Asim Abbasi’s rise to fame has been a direct result of his directorial debut, “Cake”, which earned him the award for “Best Film” at the Lux Style Awards. Abbasi’s direction has gained him a great deal of praise and appreciation from critics and viewers alike, and he has been called one of the finest filmmakers of this generation. Asim has recently announced the release of his newest project, titled Churails or “witches”.
The project is a web series, and Abbasi has already shared the preliminary artwork for the project on his Twitter, captioned:
“Hojayein tayaar, khwateen aur hazraat. Especially hazraat. Jald aarahi hain kuch rangeen churailein, aapki deep-rooted misogyny ki band bajaanay. (Get ready ladies and gentlemen, especially gentlemen. Its coming, these color witches, who will take care of your deep-rooted misogyny!).”
Hojayein tayaar, khwateen aur hazraat. Especially hazraat. Jald aarahi hain kuch rangeen churailein, aapki deep-rooted misogyny ki band bajaanay.#Churails #BeAChurail #WebSeries #Coming2020 pic.twitter.com/fxGsyUBhI1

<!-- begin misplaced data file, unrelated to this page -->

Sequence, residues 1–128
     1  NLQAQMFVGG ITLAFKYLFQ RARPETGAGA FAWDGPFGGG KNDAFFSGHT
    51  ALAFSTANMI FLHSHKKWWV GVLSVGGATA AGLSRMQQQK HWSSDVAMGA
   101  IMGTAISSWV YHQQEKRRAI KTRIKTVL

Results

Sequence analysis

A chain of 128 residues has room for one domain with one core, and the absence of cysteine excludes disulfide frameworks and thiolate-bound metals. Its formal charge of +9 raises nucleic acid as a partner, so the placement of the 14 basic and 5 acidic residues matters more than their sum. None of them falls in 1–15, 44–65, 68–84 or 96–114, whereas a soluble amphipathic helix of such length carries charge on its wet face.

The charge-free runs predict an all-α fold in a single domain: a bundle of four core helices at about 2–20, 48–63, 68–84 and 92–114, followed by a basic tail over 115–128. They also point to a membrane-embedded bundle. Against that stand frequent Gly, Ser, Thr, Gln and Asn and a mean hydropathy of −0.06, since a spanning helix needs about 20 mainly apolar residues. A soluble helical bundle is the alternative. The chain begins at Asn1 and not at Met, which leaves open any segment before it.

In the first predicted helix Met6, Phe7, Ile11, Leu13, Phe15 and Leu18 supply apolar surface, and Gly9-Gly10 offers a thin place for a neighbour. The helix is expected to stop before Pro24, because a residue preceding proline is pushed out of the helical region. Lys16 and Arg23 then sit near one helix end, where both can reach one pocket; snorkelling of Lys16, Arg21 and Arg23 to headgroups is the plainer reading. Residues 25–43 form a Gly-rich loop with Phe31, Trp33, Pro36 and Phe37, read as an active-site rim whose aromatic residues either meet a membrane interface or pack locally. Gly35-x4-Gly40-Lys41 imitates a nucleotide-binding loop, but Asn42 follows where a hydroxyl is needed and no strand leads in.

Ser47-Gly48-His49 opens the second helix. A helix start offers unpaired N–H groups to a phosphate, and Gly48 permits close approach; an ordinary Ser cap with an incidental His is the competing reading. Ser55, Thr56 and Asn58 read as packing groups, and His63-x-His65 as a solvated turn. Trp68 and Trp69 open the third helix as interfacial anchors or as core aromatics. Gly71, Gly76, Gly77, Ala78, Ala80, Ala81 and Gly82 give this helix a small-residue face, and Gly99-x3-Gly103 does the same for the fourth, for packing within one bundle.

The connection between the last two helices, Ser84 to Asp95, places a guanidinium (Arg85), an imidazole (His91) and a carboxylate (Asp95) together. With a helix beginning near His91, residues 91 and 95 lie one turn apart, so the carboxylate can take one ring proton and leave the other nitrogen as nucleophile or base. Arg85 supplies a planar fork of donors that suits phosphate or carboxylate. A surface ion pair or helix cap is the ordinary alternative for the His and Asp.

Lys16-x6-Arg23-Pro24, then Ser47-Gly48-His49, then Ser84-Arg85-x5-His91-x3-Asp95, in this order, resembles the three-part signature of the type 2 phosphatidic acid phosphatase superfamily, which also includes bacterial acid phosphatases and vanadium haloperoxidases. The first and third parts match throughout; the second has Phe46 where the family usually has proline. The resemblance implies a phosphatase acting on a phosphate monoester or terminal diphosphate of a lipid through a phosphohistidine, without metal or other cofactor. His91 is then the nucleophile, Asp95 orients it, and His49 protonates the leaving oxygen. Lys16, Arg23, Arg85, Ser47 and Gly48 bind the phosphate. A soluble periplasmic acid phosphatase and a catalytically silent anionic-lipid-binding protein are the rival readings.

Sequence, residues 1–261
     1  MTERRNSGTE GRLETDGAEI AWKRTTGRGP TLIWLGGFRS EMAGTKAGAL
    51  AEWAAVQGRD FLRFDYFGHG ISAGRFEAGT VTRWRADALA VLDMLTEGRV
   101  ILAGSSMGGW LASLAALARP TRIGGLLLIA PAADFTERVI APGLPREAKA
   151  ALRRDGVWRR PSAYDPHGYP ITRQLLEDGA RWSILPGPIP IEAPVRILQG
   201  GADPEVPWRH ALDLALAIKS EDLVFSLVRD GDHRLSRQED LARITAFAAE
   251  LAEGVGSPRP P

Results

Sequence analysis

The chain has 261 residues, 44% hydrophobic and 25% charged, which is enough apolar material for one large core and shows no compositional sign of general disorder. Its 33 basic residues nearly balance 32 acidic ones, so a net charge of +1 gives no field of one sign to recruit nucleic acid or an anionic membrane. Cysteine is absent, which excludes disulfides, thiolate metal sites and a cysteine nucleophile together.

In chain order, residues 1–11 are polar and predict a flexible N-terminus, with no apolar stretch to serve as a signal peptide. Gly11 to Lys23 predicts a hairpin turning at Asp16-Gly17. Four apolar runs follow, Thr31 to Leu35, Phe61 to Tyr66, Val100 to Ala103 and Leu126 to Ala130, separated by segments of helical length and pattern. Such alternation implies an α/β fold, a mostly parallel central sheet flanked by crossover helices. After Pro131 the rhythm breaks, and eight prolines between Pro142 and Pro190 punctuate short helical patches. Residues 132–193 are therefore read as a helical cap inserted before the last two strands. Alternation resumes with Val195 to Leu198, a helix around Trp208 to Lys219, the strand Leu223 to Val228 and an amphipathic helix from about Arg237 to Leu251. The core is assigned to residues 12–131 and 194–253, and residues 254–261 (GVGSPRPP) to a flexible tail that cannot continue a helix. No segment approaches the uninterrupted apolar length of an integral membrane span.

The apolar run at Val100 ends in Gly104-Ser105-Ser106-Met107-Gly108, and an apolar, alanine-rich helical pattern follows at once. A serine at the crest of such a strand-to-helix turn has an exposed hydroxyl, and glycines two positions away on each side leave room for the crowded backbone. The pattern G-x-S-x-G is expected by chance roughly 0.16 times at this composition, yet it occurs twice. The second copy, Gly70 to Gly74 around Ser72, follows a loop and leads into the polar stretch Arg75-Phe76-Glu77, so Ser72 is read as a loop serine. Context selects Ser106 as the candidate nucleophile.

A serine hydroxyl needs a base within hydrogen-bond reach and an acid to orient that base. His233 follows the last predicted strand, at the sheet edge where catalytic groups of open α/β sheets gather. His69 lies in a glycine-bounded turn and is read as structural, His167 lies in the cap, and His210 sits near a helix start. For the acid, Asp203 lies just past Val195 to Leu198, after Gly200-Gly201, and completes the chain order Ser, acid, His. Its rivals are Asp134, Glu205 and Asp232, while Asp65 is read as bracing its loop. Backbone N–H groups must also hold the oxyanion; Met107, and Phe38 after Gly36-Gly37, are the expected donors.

— Asim Abbasi (@IllicitusProduc) November 6, 2019
The artwork shows four women clad in burkas of diverse styles, standing with a variety of weapons in hand; from a clothing iron, boxing gloves, and an ambiguous container with the letter “J” on it. Speaking of his characters, Abbasi posted on Facebook earlier, saying: “every female character in this series will kick some serious douchebag ass and be shamelessly unapologetic. Just like the good lord intended”.
Elaborating on the storyline for Churails, Abbasi said that it would be addressing the prevalent misogyny and patriarchy in our society. “I don’t know if the blood, sweat and tears will show on screen” Abbasi added. “Or if the end result will be what we had hoped it would be or if our audiences are even ready for this narrative”.
The project has definitely caught our eye, with the title itself being a significant statement on how strong, outspoken women are labeled churails or witches in our society. We’re excited to see how Abbasi addresses the age-old standards and stigma surrounding female presence in the society, and whether these characters provide young girls with more empowering, healthy role models they can look up to.